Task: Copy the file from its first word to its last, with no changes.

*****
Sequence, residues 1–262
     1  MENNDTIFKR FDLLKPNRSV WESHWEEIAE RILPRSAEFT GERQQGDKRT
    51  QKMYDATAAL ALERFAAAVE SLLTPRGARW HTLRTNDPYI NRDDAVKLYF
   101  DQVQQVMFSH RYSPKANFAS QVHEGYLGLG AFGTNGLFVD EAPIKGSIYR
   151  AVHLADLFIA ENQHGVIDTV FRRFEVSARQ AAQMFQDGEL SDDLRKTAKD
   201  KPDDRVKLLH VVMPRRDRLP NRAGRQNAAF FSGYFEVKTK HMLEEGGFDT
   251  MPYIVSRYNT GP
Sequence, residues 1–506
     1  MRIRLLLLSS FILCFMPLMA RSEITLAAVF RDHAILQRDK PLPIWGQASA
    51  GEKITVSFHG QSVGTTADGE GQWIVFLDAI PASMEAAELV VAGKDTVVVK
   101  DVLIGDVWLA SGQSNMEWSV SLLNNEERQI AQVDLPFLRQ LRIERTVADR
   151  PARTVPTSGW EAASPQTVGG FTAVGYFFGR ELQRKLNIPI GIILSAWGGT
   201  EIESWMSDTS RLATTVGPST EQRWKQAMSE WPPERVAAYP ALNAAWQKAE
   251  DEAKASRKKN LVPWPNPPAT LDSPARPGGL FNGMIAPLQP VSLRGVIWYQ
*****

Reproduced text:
Sequence, residues 1–262
     1  MENNDTIFKR FDLLKPNRSV WESHWEEIAE RILPRSAEFT GERQQGDKRT
    51  QKMYDATAAL ALERFAAAVE SLLTPRGARW HTLRTNDPYI NRDDAVKLYF
   101  DQVQQVMFSH RYSPKANFAS QVHEGYLGLG AFGTNGLFVD EAPIKGSIYR
   151  AVHLADLFIA ENQHGVIDTV FRRFEVSARQ AAQMFQDGEL SDDLRKTAKD
   201  KPDDRVKLLH VVMPRRDRLP NRAGRQNAAF FSGYFEVKTK HMLEEGGFDT
   251  MPYIVSRYNT GP
Sequence, residues 1–506
     1  MRIRLLLLSS FILCFMPLMA RSEITLAAVF RDHAILQRDK PLPIWGQASA
    51  GEKITVSFHG QSVGTTADGE GQWIVFLDAI PASMEAAELV VAGKDTVVVK
   101  DVLIGDVWLA SGQSNMEWSV SLLNNEERQI AQVDLPFLRQ LRIERTVADR
   151  PARTVPTSGW EAASPQTVGG FTAVGYFFGR ELQRKLNIPI GIILSAWGGT
   201  EIESWMSDTS RLATTVGPST EQRWKQAMSE WPPERVAAYP ALNAAWQKAE
   251  DEAKASRKKN LVPWPNPPAT LDSPARPGGL FNGMIAPLQP VSLRGVIWYQ